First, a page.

A client said he was thinking about a divorce, but he wasn't sure.
"I'm confused because I still love my wife," he told the lawyer.
Sensitive to the client's feelings, the attorney asked what happened to their relationship. The straw that broke the camel's back, so to speak, was when the wife pinned the man against the garage wall with the family car.
True story, and yes, the lawyer recommended divorce -- and a restraining order. As fishermen say, sometimes you have to know when to cut bait.
When to Cut Bait
Telling a client to take drastic legal measures is a risky business, especially when they aren't sure about it. But a good attorney gives an opinion, and that takes even better judgment.
In family law, lawyers sometimes become counselors-not-at-law. They become consolers, friends or shoulders to cry on. The relationship is something in between lawyer-client and lawyer-confidant.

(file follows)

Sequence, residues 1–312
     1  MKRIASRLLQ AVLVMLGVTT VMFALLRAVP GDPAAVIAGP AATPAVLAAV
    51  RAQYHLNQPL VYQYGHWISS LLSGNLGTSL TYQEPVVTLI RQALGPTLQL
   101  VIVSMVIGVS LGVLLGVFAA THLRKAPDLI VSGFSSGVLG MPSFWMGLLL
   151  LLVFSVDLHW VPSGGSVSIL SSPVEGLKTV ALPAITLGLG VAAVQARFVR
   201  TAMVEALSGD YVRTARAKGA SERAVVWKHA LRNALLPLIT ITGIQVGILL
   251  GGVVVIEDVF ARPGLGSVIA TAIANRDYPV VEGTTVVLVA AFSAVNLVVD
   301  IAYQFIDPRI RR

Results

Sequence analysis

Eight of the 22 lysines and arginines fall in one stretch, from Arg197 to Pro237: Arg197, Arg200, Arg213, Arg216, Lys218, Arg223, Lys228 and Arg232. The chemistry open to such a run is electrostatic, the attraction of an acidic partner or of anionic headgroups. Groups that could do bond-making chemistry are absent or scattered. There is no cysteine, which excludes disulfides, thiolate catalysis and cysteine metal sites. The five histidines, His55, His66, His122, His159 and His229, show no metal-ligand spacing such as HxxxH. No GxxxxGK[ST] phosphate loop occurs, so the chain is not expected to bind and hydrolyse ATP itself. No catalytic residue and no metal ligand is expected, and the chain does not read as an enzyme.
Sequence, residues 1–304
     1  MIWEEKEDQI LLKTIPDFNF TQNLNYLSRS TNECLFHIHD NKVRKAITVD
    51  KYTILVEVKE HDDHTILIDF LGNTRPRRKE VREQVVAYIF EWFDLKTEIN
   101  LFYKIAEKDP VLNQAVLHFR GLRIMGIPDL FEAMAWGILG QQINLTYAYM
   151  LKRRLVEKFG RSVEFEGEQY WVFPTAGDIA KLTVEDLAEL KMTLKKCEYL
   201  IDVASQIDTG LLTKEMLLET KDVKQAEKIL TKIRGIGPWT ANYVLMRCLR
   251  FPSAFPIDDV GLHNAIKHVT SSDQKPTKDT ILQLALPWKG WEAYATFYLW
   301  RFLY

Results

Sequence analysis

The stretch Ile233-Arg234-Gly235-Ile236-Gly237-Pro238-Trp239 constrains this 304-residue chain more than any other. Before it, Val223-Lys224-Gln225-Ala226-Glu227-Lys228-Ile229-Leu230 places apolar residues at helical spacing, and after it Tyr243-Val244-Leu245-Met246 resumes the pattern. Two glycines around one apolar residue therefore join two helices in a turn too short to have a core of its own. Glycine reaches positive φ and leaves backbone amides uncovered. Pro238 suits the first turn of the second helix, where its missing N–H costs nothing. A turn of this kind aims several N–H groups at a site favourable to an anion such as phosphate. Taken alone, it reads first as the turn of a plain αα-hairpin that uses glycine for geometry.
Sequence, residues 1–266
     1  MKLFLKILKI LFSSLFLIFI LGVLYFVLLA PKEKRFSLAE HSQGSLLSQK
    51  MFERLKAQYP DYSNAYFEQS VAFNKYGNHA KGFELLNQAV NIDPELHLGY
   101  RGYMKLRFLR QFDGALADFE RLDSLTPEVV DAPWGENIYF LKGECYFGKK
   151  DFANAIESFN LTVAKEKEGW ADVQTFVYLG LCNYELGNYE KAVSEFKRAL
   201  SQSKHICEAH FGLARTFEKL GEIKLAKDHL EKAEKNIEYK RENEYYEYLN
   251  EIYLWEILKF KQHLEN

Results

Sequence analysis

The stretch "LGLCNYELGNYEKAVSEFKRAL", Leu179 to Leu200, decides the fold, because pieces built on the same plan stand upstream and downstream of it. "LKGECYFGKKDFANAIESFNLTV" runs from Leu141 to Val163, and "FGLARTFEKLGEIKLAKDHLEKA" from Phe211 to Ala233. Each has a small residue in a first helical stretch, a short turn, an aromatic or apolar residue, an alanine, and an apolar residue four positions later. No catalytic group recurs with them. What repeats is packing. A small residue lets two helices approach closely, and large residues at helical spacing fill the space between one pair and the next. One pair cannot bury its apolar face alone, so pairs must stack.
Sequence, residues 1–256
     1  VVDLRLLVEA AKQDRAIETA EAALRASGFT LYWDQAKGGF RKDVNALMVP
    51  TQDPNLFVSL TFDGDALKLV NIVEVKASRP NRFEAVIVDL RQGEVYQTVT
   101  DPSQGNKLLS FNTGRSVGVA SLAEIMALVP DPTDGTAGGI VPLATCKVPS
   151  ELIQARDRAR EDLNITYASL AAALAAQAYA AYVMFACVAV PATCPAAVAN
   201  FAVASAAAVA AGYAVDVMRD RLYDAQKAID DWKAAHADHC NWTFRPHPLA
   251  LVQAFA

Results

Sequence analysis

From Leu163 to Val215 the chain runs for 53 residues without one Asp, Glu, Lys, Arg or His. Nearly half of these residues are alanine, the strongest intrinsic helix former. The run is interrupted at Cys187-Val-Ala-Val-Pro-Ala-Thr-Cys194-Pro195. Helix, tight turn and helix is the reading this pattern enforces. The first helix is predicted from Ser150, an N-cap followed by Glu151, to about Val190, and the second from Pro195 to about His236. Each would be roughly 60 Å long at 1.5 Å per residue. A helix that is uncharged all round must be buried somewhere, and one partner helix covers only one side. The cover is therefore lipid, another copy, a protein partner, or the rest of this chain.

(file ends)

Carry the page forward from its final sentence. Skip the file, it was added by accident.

That's when the line between personal and legal opinions must be very clear. Ethics rules set the boundaries on the potential conflicts.
Do It In Writing
Family practitioners can take a page from business lawyers, who more often give legal opinions in writing. It's the best way to keep thoughts and communcations clear.
Here are some pointers, especially when settling, to help clients make the tough calls:
For family law clients, hand-holding is often part of the legal process. You may have to walk them to the altar that sacrifices their marriage, and then help them cross the divide.
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